As of January, there were 3,125 inmates "under-death-sentence" in the U.S. California , 727; Florida 413, then Texas, with 300 on death row. Closer to home, Georgia 94, and South Carolina with 49 now sentenced to death. The major problem, here, in addition to having over 3-thousand individuals sentenced for committing, most often, very violent crimes, is the extended-period often spent on death-row following conviction. We spend far too much state and federal money keeping these individuals housed, fed, and healthy, for way too long, with the average stay, now, at 13-years. Delay after delay, due to multiple legal-motions, with resulting court-time, also a public cost-factor. Inmates are deserving of appeal-time to avoid execution errors, but the process must be accelerated. Georgia has inmates who were sentenced to death almost 20, sometimes, 30-years ago, with one, currently, at 37-years, according to Corrections Department data.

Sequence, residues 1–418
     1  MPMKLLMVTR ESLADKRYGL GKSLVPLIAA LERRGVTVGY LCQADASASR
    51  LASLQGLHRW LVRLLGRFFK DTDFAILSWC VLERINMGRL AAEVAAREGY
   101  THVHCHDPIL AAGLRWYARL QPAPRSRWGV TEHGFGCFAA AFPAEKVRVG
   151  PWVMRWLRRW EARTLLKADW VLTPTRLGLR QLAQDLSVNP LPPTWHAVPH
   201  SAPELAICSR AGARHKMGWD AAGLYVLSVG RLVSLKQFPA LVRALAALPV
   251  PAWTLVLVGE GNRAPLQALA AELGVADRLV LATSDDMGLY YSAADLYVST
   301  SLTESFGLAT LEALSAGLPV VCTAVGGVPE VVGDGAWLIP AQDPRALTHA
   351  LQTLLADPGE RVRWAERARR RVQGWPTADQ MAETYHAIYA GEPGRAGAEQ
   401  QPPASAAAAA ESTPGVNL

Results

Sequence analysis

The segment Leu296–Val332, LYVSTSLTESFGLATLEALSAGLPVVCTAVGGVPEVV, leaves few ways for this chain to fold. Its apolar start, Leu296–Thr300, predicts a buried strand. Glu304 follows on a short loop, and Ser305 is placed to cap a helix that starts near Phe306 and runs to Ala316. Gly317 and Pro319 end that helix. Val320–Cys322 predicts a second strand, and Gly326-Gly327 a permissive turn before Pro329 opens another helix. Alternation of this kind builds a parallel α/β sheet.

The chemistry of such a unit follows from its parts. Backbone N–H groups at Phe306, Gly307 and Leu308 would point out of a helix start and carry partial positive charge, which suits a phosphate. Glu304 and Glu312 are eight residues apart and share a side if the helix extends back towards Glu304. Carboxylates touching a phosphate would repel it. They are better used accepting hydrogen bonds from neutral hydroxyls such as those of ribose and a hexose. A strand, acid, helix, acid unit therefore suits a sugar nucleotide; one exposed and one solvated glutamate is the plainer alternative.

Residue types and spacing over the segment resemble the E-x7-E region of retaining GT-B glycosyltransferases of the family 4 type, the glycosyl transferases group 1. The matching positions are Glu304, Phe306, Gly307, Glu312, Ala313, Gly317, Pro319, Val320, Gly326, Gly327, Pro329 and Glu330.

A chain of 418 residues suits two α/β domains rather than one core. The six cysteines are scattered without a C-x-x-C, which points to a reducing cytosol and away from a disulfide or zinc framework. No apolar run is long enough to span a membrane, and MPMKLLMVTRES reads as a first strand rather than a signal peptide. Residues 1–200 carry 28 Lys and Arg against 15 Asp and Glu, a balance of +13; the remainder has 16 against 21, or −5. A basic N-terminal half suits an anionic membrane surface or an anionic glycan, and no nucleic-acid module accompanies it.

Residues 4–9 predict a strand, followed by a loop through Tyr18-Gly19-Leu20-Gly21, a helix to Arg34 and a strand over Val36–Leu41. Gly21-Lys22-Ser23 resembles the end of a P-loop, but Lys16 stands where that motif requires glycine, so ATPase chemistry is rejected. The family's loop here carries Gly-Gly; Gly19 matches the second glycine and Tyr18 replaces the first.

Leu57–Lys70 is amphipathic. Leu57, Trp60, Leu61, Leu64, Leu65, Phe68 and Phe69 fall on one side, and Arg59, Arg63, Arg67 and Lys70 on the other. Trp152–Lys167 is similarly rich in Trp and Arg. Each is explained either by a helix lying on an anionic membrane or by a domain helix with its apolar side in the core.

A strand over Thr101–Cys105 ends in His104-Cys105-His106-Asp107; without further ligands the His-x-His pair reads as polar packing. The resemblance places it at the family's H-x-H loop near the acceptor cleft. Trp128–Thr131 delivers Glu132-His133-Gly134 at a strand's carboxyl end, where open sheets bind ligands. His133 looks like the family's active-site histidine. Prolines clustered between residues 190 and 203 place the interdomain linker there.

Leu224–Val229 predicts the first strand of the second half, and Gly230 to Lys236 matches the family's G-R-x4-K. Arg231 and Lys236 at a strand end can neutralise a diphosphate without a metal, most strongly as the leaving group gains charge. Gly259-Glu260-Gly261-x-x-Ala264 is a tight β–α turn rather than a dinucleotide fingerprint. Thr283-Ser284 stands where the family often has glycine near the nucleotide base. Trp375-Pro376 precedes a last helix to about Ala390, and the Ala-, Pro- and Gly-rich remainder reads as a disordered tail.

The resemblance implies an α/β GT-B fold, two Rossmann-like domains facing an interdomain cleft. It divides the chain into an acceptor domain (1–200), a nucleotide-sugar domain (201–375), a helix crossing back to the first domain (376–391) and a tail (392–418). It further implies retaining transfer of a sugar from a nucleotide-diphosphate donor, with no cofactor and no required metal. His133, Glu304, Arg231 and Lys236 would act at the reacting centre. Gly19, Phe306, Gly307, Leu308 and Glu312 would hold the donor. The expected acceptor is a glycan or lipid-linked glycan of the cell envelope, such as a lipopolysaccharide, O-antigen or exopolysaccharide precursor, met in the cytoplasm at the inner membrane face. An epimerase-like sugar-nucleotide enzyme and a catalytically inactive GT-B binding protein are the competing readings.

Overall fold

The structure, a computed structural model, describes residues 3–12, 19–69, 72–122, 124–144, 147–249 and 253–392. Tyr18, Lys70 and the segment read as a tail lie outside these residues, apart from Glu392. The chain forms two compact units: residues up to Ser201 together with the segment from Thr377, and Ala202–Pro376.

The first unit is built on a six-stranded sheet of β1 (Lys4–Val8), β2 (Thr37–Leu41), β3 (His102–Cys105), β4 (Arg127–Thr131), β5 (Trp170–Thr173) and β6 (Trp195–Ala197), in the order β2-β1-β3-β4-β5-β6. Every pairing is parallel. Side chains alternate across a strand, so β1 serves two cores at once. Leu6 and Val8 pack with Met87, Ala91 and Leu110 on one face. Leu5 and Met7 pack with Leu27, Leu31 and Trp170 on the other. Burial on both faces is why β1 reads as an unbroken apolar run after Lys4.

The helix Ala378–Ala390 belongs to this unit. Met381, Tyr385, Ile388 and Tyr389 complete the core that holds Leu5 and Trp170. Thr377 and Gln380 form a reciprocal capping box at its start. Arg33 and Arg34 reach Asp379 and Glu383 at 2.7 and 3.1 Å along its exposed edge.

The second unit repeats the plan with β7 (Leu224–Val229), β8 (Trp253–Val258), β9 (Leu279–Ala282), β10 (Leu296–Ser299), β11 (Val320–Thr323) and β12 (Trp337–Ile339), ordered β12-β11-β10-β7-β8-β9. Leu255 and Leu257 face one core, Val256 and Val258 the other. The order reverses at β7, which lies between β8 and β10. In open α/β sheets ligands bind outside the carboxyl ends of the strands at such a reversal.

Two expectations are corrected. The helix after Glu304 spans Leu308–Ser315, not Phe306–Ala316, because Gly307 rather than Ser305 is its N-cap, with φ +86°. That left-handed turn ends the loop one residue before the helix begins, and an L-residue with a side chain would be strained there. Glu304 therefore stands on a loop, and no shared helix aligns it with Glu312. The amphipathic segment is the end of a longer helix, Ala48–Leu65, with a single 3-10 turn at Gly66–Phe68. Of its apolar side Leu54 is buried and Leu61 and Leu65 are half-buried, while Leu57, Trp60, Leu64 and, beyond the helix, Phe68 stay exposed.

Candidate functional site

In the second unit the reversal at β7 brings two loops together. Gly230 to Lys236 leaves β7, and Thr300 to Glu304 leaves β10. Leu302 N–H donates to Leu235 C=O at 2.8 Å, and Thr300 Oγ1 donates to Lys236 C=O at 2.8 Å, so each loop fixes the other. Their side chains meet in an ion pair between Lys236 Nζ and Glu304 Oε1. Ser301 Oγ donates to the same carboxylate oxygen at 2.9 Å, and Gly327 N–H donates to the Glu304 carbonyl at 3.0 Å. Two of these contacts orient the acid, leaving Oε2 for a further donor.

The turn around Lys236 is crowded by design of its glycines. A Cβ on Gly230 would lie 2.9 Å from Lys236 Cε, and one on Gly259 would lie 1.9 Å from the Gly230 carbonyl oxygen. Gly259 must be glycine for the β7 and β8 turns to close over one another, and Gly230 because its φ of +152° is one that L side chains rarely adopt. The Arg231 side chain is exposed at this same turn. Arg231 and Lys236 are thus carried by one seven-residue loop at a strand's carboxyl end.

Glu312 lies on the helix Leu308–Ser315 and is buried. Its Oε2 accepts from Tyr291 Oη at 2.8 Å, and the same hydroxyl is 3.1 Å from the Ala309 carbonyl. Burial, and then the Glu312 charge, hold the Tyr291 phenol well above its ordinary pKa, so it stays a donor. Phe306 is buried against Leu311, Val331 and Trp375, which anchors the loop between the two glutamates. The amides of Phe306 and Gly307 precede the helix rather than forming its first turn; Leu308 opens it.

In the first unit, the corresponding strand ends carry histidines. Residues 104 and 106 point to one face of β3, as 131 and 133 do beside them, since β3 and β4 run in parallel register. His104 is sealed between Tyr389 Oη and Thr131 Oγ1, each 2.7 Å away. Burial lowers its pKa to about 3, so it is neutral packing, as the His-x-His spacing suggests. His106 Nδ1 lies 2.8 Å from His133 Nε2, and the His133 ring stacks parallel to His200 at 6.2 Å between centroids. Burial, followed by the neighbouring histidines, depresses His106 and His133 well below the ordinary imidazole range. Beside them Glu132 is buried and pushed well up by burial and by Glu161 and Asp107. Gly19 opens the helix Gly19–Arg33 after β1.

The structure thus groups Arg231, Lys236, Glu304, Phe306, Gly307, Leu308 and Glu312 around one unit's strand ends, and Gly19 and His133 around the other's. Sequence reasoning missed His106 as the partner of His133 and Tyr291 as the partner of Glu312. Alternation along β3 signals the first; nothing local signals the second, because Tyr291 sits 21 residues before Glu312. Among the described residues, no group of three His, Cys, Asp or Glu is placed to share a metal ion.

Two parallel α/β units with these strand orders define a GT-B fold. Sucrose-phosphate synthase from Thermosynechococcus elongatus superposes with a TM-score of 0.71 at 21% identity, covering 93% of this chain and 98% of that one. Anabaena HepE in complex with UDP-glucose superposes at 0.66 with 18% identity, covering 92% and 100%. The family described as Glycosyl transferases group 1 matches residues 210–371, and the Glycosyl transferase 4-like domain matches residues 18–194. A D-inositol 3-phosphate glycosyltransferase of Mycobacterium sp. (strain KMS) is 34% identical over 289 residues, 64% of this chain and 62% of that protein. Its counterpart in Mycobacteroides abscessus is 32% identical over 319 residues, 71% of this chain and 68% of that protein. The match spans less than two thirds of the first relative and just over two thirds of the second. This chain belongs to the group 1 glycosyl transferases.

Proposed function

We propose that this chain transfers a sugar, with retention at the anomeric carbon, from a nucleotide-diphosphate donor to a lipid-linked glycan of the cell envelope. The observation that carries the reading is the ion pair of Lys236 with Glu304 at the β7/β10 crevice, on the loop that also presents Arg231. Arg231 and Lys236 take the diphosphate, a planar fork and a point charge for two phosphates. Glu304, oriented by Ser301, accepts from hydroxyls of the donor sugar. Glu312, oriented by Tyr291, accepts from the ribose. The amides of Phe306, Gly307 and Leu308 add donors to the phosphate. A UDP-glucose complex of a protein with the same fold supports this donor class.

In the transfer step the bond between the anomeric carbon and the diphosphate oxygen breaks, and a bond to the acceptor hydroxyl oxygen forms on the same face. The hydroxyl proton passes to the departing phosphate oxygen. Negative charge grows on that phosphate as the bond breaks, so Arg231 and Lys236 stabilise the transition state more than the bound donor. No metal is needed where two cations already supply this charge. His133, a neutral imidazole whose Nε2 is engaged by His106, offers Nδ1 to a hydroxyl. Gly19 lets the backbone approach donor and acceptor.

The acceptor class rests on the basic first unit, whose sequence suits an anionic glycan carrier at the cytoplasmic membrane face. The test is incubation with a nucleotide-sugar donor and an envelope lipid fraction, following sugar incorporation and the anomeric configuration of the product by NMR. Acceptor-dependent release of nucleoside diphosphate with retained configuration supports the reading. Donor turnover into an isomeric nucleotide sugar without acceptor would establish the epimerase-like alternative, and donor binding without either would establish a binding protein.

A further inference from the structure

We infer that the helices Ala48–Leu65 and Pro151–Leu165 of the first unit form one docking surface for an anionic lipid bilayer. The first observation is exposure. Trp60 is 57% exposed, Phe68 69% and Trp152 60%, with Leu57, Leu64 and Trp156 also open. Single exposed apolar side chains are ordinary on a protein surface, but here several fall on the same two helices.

Florida legislators are calling for executions within 180-days of a signed death-warrant. Said the "Timely Justice Act" sponsor: "Too many defendants are gaming the system with legal maneuvers that have no bearing on guilt or innocence." In March, Georgia approved protecting the identity of lethal-injection makers, further securing dependable supply. Whether or not Florida's measure passes muster, the time-span between sentencing and execution, in all 32 death-penalty states, should be no longer than 2-years. Time enough for further actions, forensics, and appeals, with courts needing to ramp-up as well. Yes, those convicted of capital crimes, do have reasonable rights, but not decades' worth. Our focus should rightly be on the families of victims: their loss, anguish, and need for closure. For them, and for society in general, far more timely-justice is needed.